Nearly two dozen police officers from Hudson County and seven mental health professionals began a one week, 40-hour Crisis Intervention Team training program this morning aimed at producing better outcomes when law enforcement interacts with the mentally ill in crisis situations.
“The CIT training is to prevent a lot of the violent situations and misunderstandings we have seen take place,” said Stephanie R. Simon, Mental Health Coordinator for Crisis Intervention Training for Hudson County.
She did not cite specific cases, but in 2009, a Jersey City woman who suffered from schizophrenia was shot dead in her own home by police after they say she attacked them with a knife.
In 2012, a Bayonne man with mental health issues was shot dead by police after his wife had asked police to do a welfare check when she was out of town.
Police officers from Jersey City, Bayonne, West New York, Secaucus, Hoboken, Kearny, the Port Authority and Hudson County Sheriff’s Office are participating in the program.
“The worst result is someone dying, but also in somebody being taken to jail when what they really need is to be in a hospital,” said Simon who is coordinating the mental health aspects of the training while Hudson County Prosecutor’s Office Training Instructor and former Undersheriff James A. Sharrock coordinates law enforcement aspects. “These crisis situations can also result in police officers being injured, disciplined or criticized. The goal is to keep everyone safe.”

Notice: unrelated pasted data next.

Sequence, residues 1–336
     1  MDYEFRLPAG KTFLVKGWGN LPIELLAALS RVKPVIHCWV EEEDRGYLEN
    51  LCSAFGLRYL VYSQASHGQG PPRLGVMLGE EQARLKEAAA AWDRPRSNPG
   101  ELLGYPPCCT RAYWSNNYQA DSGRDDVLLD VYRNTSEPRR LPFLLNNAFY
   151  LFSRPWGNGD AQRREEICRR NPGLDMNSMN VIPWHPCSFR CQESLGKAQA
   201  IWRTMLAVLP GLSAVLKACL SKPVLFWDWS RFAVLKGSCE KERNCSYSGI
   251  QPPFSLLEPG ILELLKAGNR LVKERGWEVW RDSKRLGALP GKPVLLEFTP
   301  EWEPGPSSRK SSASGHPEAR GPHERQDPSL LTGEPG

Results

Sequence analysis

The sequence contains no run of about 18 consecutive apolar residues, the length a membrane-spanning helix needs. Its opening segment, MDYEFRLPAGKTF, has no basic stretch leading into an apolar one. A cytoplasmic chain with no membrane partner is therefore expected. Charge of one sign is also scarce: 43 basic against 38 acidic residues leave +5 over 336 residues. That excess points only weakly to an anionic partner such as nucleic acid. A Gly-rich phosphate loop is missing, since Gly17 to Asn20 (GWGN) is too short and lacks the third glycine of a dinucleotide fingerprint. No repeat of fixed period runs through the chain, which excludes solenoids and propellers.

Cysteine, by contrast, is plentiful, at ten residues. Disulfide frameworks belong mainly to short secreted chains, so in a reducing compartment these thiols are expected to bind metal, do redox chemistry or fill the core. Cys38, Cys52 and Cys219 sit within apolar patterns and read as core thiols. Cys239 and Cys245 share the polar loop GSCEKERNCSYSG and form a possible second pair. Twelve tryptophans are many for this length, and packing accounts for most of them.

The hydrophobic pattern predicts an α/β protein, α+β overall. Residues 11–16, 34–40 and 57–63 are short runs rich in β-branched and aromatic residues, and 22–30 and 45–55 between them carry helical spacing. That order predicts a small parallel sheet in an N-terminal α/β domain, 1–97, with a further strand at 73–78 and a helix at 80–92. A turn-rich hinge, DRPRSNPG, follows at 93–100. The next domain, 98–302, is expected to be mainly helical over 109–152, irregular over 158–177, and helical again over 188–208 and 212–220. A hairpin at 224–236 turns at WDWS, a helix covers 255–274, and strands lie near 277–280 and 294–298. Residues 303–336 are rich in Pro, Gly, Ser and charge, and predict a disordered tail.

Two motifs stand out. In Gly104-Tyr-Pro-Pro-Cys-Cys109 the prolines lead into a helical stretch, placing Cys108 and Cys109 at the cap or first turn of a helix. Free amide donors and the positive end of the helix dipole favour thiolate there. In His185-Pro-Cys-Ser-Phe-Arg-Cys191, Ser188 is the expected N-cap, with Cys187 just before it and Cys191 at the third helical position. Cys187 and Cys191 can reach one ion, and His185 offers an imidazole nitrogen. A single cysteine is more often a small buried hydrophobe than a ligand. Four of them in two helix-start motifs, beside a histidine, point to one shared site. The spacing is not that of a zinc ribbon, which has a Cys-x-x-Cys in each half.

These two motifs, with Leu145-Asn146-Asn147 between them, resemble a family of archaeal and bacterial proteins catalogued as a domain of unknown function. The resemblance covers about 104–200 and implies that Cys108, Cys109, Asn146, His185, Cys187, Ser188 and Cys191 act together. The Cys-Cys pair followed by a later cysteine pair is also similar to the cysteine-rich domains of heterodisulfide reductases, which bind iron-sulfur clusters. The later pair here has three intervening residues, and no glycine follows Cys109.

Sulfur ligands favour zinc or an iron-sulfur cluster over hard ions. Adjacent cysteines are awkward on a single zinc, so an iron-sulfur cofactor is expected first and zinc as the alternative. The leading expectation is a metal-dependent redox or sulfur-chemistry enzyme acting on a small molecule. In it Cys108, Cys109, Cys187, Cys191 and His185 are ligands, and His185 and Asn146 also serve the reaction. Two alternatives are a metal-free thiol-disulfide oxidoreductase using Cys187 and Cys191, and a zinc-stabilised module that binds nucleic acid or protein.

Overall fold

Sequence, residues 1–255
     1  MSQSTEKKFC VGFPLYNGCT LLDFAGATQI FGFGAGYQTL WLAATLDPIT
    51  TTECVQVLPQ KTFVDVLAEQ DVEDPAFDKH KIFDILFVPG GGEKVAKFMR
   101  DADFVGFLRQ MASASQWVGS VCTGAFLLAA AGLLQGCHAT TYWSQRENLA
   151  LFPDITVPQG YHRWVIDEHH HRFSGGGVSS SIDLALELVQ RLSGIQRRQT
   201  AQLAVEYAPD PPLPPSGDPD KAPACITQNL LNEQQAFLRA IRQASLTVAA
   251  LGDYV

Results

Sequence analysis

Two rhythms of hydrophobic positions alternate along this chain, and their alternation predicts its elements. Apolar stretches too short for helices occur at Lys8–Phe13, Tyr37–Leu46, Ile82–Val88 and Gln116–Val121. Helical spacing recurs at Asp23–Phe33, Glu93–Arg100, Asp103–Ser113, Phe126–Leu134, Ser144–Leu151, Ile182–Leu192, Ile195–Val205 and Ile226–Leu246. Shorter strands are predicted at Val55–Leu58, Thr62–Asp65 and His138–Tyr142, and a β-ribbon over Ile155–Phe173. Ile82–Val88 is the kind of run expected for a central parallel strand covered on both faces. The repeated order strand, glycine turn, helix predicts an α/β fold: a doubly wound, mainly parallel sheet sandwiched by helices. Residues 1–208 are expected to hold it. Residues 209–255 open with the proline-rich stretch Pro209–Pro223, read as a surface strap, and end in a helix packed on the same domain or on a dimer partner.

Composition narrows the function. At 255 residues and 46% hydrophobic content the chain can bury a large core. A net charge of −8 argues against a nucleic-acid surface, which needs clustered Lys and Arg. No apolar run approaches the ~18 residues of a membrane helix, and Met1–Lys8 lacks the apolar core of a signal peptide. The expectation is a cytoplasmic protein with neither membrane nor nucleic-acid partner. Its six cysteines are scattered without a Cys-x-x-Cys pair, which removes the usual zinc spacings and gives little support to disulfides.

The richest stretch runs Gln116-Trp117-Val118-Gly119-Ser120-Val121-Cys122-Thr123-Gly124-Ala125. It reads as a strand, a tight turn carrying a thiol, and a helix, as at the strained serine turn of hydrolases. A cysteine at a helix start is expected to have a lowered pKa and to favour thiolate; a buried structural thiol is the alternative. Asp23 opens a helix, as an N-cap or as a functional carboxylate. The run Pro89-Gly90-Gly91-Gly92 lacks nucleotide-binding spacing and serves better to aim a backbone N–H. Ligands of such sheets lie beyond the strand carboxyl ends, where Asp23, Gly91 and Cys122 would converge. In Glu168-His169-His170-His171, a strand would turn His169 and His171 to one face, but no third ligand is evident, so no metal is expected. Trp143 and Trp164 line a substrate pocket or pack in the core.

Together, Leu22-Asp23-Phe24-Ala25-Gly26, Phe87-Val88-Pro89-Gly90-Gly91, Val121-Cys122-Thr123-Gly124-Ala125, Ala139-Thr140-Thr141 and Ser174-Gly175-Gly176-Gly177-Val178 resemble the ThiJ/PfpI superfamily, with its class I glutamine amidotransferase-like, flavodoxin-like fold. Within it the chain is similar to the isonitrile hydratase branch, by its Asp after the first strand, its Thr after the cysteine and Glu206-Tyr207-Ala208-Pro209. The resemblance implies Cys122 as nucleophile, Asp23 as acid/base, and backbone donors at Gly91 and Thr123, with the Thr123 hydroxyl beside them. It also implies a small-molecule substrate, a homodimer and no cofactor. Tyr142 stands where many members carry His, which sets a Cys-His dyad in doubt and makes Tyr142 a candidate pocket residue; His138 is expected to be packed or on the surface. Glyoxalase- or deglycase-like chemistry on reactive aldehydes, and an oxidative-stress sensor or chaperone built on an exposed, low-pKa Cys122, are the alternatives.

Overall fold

The program covers a wide range of topics, including the law, law enforcement, mental health, reintegration into society following incarcerations, homelessness, hearing voices, speaking effectively to the mentally ill during crisis situations and visits to the Hudson County jail, Jersey City Medical Center-Barnabas Health and Bridgeway Crisis Intervention Services in Jersey City.
A key portion of the CIT training will be role play in which officers will be placed in various crisis situation and employ crisis intervention strategies.
“The goal is to train the police to understand mental health sufferers and providers and for mental health providers to understand what police deal with,” Simon said. “To get us on the same page so we can avoid a lot of the bad situations that have taken place.”
Numerous instructors will address the officers and mental health providers during the week. Others involved are Hudson County Mental Health and Addictions Administrator Robin James and statewide Director of Crisis Intervention Training Ed Dobleman.
On Friday the officers and mental health coordinators will be addressed by former governor and current Jersey City’s Employment & Training Program Director James McGreevey. The training program’s opening address this morning was provided by Acting Hudson County Prosecutor Guy Gregory, whose office is a sponsor of the training event.
Simon said it has taken about two years to make CIT training a reality in Hudson County.
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on June 01, 2015 at 2:48 PM, updated June 01, 2015 at 4:20 PM